Breaking South Sudan's vicious cycle

The celebrations have now ended and a new flag has been raised. South Sudan is officially an independent state and cheers have been roaring throughout the capital of Juba; a milestone of the historic peace accord signed in 2005 has been reached. But we must not pat ourselves on the back, congratulate one another on a job well done and call it a day.

South Sudan faces steep hurdles.
It has one of the highest maternal mortality rates in the world and almost half of the children in the country are malnourished. A priority for the government and the international community must be, as promised, to serve the interests of a population devastated by decades of civil war. And as the slow and painful process of development begins, leaders must also help to navigate the new-found role of statehood. It is a role that will come under increasing strain as the threat of a new war escalates along the still-contested border with the north.

The northern government’s Sudan Armed Forces (SAF) have occupied the fertile province of Abyei and oil-rich South Kordofan since May. The conflict has displaced thousands of people, mainly women and children. Hundreds have been killed; recent satellite images provide evidence of mass graves in the region.

Both warring factions—the SAF and the southern-led Sudan People’s Liberation Army—are committing atrocities, but it is evident that the greatest responsibility rests with Khartoum’s forces. Refugees bring harrowing stories of murder and targeted ethnic killings and the SAF is accused of pursuing a campaign of intimidation and persecution among groups supportive of the south, including house-to-house searches for opposition members, abductions and unlawful killings.

As in all crises, the use of violence only breeds more violence. There is a need to break this vicious cycle by ensuring a peaceful resolution to the conflict. Indeed, the recent violence shines a light on the fragility of conflict-resolution efforts in Sudan that have been largely an exclusive affair between warring factions and international or regional mediators. Those most vulnerable—women, in particular—were left out of this process although they bear the heaviest burden of the ongoing violence and insecurity.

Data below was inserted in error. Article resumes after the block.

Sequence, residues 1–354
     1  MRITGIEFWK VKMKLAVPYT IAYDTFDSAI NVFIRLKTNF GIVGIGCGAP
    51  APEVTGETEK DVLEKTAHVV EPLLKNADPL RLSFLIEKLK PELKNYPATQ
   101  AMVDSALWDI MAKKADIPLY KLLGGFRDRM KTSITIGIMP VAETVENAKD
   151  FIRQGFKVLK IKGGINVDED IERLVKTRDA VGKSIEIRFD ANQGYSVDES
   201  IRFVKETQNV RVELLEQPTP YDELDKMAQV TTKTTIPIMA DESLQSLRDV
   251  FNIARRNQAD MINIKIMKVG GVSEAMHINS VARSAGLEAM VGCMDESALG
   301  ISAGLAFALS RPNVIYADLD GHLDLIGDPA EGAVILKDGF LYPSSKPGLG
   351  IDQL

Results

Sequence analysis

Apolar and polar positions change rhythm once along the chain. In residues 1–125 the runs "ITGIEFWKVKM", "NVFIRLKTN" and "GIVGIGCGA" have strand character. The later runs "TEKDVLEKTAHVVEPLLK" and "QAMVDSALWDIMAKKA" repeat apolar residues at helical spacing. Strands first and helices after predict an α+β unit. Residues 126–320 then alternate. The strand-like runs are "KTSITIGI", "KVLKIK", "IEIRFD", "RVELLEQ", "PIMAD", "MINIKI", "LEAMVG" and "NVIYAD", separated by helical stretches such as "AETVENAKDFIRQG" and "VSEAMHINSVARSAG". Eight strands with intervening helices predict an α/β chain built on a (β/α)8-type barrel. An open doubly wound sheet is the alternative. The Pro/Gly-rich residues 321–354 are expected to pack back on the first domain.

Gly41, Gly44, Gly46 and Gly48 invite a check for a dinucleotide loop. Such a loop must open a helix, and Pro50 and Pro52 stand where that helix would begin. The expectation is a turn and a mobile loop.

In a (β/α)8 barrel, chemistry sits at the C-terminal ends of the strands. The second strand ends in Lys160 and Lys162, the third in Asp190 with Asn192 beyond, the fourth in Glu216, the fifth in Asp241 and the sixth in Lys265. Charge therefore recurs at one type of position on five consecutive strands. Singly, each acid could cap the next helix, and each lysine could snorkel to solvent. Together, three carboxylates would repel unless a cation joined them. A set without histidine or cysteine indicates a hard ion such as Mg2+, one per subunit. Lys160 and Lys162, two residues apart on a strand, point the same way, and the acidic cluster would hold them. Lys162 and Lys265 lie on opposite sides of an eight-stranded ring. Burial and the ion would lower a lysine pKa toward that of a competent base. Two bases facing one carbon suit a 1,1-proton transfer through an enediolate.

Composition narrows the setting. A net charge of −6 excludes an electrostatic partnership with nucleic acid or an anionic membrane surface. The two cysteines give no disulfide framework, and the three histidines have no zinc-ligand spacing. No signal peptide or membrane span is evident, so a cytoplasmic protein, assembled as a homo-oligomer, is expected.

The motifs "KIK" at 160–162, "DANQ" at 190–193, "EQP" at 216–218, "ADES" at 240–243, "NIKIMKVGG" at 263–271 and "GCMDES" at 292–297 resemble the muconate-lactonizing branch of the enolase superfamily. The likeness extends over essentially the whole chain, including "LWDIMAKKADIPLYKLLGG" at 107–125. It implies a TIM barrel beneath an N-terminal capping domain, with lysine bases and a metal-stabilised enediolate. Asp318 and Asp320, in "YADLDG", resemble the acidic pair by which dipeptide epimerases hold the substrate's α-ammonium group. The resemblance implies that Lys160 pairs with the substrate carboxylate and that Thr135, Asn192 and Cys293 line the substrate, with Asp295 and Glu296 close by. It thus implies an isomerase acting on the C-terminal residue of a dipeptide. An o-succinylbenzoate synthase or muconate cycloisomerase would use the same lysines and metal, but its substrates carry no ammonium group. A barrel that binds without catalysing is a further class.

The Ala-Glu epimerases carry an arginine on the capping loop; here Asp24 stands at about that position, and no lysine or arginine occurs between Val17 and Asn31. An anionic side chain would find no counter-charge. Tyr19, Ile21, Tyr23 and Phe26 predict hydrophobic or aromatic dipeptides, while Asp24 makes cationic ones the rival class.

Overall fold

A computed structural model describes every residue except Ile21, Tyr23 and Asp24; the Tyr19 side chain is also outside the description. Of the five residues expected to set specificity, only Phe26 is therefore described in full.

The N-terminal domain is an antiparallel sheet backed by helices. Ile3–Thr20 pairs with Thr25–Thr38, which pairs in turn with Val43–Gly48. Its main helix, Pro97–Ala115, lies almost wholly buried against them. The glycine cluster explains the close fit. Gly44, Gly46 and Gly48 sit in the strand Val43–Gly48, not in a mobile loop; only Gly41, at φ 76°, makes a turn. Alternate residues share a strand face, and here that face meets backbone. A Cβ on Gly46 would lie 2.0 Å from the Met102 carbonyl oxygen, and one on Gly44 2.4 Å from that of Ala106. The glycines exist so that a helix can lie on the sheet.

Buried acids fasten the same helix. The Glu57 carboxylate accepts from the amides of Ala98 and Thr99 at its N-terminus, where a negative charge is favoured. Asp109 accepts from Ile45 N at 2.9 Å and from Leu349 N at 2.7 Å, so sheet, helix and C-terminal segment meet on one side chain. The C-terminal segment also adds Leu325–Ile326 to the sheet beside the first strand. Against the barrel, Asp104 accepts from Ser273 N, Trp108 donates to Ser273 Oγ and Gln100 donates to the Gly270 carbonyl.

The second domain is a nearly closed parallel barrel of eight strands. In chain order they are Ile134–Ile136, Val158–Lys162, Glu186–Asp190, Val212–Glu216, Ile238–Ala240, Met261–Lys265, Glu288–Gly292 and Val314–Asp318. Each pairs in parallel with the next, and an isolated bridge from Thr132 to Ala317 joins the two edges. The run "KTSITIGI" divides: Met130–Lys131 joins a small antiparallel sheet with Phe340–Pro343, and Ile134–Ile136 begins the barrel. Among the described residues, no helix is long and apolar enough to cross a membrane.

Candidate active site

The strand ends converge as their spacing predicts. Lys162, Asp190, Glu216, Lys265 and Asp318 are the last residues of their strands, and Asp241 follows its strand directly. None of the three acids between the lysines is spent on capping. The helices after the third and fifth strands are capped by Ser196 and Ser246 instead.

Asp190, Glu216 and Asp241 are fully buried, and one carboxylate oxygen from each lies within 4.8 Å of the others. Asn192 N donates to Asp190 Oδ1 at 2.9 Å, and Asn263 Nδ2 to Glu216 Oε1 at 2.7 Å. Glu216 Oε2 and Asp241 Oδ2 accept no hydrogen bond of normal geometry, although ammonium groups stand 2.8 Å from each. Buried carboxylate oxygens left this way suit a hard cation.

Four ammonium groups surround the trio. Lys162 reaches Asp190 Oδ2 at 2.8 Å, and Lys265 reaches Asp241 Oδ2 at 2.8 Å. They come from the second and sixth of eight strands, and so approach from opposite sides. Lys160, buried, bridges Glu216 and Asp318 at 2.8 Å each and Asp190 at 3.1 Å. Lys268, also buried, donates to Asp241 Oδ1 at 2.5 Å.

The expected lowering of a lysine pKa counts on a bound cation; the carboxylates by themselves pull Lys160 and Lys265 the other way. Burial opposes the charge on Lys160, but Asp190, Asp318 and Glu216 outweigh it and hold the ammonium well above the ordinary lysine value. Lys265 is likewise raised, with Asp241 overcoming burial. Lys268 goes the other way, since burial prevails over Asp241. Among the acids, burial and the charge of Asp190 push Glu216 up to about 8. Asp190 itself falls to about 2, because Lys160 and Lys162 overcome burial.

Just and inclusive peace
The road to peace has to start with a commitment from all parties to create a peaceful resolution to the conflict and shun military intervention. But the pursuit of peace cannot end there. To achieve lasting security and stability, peace has to be just and inclusive, addressing the root causes of the violence.

Calls by the African Union (AU) during its last meeting in Equatorial Guinea to defer the International Criminal Court’s indictment of Omar al-Bashir for war crimes in Darfur is unacceptable amid the ongoing fighting. The threat of further conflict by al-Bashir and the north proves that building peace is a task that needs the full attention of African and international leaders, as well as respect for justice mechanisms such as the court. True peace will be elusive unless we can guarantee justice for the South Sudanese people.

The AU needs to get more solidly behind former South African president Thabo Mbeki’s efforts to implement the recommendations of the union’s high-level panel in Sudan. Mbeki’s challenges in resolving the underlying issues of contention in the original 2005 peace agreement, such as citizenship, division of economic resources and border demarcation, demonstrate the ease with which unresolved problems can lead to violence. Indeed, the clashes in Abyei and South Kordofan reveal that al-Bashir is all too willing to resort to violence. Tolerance for this kind of leadership is a failure for the whole region.

We should share in the new hopes and dreams of the population of South Sudan as the people revel in the freedom to guide their own path. But as images of celebratory smiles and tears of joy fade from the television screens, let us not forget about the brewing crisis that threatens this hard-won independence.

It is up to South Sudan’s leaders and other heads of state in the region to ensure that these hopes and dreams do not fall into despair and further bloodshed.

Wangari Maathai won the Nobel Peace Prize in 2004 for her work promoting the environment and democracy in Kenya. She is a founding member of the Nobel Women’s Initiative, an organisation created by six women Nobel Peace Prize laureates to support women’s rights around the world.

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